More than 35,000 lives could have been saved in the U.S. if social distancing measures had begun just a week earlier than they actually did in mid-March, according to a new estimate by researchers at Columbia University.
They said simulations based on several models showed that 61% of the U.S. cases of infection as of May 3, more than 700,000 and 55% of the more than 65,000 recorded deaths could have been averted if social distancing and other safety measures had been in place a week earlier.
These researchers said the simulations illustrate the danger of easing lockdown measures too early, as many experts have noted. All 50 U.S. states have begun to reopen, to one extent or another and with encouragement from President Donald Trump, to try to resurrect economies devastated by business closures and layoffs in the pandemic.
"Efforts to further raise public awareness of the ongoing high transmissibility and explosive growth potential of COVID-19 are still needed at this critical time," the researchers wrote.
"Our results also indicate that without sufficient broader testing and contact tracing capacity, the long lag between infection acquisition and case confirmation masks the rebound and exponential growth of COVID-19 until it is well underway," they said.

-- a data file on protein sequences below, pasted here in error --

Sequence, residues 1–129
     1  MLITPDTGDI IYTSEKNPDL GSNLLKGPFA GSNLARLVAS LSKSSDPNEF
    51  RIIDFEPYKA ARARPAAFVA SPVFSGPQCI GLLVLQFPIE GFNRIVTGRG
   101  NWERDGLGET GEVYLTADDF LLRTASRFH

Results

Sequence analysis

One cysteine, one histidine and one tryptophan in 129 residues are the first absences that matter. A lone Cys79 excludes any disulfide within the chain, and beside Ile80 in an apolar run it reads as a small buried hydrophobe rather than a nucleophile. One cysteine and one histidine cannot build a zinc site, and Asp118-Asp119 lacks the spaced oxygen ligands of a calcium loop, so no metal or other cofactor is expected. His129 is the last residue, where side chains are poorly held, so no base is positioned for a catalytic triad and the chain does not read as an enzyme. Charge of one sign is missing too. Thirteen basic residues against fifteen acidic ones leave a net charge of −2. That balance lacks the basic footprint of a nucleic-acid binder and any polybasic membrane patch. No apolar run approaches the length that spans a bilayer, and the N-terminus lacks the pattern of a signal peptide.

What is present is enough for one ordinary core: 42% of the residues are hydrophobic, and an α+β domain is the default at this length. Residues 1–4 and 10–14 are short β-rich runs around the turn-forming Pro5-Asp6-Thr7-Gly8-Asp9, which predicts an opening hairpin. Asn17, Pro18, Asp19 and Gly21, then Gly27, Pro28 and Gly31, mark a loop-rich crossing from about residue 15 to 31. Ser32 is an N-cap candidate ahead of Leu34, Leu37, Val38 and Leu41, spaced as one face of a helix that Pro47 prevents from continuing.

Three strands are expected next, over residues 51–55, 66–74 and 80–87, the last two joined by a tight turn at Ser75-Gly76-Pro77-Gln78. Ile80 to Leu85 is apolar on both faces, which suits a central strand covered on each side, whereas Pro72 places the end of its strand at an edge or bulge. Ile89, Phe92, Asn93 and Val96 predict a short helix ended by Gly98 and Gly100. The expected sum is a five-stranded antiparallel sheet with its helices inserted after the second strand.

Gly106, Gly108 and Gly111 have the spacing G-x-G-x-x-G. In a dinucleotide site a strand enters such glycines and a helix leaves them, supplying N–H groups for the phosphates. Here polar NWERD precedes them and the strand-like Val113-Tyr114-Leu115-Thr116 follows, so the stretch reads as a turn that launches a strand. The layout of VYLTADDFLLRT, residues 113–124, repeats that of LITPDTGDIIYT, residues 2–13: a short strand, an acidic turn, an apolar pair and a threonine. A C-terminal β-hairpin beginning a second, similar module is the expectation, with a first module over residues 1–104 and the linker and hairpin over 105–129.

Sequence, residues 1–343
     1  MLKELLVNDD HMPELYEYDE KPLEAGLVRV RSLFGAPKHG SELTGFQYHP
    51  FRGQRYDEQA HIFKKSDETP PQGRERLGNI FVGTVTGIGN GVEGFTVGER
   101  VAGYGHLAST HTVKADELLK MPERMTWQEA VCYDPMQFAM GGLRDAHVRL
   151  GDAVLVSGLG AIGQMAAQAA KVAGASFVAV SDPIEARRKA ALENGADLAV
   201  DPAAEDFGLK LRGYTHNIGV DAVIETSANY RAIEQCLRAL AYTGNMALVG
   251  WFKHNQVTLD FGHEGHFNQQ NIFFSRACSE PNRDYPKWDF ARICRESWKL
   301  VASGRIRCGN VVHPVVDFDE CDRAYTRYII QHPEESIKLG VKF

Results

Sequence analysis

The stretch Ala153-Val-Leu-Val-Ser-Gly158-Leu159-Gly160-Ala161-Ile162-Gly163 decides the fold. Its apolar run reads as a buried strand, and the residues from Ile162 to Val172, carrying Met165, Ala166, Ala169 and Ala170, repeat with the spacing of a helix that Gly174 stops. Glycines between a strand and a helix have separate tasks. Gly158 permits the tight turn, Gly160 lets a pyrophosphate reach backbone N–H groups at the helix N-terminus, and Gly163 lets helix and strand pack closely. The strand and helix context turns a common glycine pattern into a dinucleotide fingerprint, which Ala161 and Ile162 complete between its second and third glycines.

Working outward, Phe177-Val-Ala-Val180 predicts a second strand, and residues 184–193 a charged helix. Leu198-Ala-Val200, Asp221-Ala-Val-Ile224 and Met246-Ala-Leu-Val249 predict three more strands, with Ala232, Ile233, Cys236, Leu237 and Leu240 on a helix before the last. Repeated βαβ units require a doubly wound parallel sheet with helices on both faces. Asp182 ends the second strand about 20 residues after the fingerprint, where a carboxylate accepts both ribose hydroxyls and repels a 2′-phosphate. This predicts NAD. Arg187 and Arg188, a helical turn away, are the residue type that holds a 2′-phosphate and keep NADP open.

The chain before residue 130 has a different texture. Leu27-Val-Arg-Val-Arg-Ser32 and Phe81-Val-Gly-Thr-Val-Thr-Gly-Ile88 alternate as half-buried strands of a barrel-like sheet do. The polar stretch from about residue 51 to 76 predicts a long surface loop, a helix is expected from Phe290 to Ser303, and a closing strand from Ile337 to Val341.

Ten days ago, a New York documentary filmmaker, Eugene Jarecki, set up a billboard in Times Square with what he calls the "Trump Death Clock." It gives the number of deaths that Jarecki says could have been avoided if Trump had encouraged social distancing practices on March 9, rather than on March 16.
His figures are higher than those of the Columbia researchers because Jarecki argues that 60% of U.S. deaths could have been averted by acting a week earlier.
The U.S. is the country hardest hit by the pandemic, with more than 1.5 million cases of infection and more than 93,000 deaths, according to a tally by Johns Hopkins University.
Top Democrats on Thursday urged President Donald Trump to order flags flown at half-staff when the U.S. coronavirus death toll reaches 100,000, saying the salute would reflect a "national expression of grief."
"Our hearts are broken over this great loss" from the pandemic, House Speaker Nancy Pelosi and top Senate Democrat Chuck Schumer wrote in a letter to the president.
This weekend's observation of Memorial Day, which honors those who died serving in the U.S. military, coincides with the country likely reaching the grim milestone of 100,000 COVID-19 fatalities.
As of Thursday, the nation had 93,558 confirmed virus-related deaths, by far the highest toll in a world severely impacted by the pandemic.